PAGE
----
Apr 21, 2013 rated it it was amazing
Utterly brilliant. I cannot praise enough this novel that has enthralled me over the last few days. The latter days of the English Civil War are brought to life in all their uncertainty, violence and desperation through its spies - through their letters, papers, machinations, relationships and acts of defiance, bravery and hearts beating both warm and cold. I strongly urge you to read it.

Full review:
Robin Carter
Apr 09, 2013 rated it it was amazing

I feel that this will be a divisive book, a Marmite book for want of a better analogy.

For me I enjoyed it, even if it’s not my normal historical fiction read, but then again neither are Robert Low or Robyn Young. They write at times a historical fiction of a more literary style (or at least that’s how it feels to me). Many who love the genre, love a more blood and sandals style read, one filled with action and pace and instant drama. This isn’t one of those books, it’s not better, it’s not
Dec 10, 2013 rated it really liked it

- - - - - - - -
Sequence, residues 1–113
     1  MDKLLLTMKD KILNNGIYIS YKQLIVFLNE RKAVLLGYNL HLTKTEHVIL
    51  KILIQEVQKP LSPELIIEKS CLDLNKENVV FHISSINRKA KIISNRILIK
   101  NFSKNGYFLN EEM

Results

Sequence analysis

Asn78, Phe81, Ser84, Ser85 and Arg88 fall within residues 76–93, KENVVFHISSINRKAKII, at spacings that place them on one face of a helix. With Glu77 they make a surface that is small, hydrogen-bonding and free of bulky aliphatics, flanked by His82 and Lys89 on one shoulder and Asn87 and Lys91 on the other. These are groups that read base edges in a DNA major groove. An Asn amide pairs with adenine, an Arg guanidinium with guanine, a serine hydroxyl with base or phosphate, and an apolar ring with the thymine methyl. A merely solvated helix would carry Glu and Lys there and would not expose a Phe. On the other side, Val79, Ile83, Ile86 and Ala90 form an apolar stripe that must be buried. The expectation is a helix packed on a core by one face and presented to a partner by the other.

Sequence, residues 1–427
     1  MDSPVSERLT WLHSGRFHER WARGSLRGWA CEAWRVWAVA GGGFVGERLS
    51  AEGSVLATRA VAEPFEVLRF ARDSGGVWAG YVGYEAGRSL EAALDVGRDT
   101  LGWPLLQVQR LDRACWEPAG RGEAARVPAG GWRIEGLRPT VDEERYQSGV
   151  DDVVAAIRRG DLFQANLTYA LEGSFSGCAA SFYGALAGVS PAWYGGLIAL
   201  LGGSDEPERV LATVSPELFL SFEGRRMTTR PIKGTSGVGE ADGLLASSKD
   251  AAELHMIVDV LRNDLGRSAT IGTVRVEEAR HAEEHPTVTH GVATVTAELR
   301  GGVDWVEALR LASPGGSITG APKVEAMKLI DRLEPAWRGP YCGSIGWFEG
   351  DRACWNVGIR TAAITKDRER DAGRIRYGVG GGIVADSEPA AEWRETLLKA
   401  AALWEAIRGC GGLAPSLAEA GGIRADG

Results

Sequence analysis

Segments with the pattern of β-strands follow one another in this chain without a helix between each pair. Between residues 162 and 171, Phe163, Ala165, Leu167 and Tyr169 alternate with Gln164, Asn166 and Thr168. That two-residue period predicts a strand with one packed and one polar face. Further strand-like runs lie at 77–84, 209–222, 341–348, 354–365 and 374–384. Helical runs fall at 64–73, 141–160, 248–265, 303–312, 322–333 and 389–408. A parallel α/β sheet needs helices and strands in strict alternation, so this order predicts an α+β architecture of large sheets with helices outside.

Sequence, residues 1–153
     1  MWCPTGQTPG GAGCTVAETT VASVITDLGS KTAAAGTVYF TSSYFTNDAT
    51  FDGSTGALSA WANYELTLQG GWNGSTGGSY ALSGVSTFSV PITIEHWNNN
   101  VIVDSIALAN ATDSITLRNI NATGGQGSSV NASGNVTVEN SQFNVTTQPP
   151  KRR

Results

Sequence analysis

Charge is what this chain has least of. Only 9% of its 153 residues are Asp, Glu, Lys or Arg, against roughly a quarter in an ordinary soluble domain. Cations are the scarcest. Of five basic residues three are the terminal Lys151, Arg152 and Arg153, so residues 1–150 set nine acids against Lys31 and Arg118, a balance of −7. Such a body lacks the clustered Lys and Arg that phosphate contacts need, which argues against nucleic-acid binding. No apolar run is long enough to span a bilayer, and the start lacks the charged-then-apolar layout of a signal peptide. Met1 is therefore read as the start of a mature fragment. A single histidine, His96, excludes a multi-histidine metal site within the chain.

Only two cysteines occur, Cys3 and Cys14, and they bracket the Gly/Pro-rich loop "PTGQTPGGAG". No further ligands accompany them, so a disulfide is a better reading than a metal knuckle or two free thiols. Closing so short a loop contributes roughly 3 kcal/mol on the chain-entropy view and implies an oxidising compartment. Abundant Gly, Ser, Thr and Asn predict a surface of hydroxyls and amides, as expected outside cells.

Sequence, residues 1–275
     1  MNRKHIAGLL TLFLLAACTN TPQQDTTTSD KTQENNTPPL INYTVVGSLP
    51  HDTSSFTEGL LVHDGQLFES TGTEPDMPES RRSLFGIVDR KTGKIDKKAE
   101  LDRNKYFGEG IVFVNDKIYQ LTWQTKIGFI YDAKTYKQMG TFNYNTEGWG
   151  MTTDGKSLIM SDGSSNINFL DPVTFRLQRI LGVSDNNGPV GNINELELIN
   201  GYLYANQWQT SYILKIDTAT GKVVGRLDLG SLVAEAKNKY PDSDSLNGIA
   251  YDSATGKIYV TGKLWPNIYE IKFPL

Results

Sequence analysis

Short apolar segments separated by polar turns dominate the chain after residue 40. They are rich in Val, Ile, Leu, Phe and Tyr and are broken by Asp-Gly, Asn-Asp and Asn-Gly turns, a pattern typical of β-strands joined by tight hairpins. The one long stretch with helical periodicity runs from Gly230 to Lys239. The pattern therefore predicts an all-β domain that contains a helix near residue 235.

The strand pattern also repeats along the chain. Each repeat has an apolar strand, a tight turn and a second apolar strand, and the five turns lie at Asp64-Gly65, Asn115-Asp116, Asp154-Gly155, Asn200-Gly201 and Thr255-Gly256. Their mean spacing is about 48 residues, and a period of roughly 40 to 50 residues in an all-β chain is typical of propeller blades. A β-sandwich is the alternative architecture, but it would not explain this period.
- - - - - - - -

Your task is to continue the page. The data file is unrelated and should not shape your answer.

Set mainly in England, between 1648 and 1651, this is a fascinating fictionalised account of the battles between Cromwell and his Parliamantarians on one side and the Royalist supporters of Charles II on the other. Not just does it cover the battles of the period but also the behind the scenes intrigues and manipulation. There is a tremendous amount of research evident including the reproduction of actual documents which gives the book a fascinatingly authentic feel.
Sir Mortimer Shay is a sort
Maya Panika
Jun 27, 2013 rated it it was amazing
Traitor's Field is, quite simply, Magnificent. It's not what you'd call a page turner - it's about as far from a quick and easy read as literature gets. This is deeply literary fiction: there is no continuous narrative, no chapters; just a series of separate, often disconnected scenes, from a variety of viewpoints, that link and interweave to form a finely-detailed, fabulously complex, glorious tapestry of a story. I thought Wolf Hall was as good as it gets for historical fiction, but Traitor's ...more
May 13, 2013 rated it it was amazing
Enjoyed the audiobook of his first book, so although I had the hardback from the Library, decided to buy from Audible. It is read by Cameron Stewart who is excellent.
We have moved back in time to the Civil War. What happens to a department dealing with secret intelligence when there is a division in who that intelligence belongs to. The king is dead, but the Royalist cause goes on. But the Parliamentarians also want to know how the department worked and to utilise it. People on both sides believ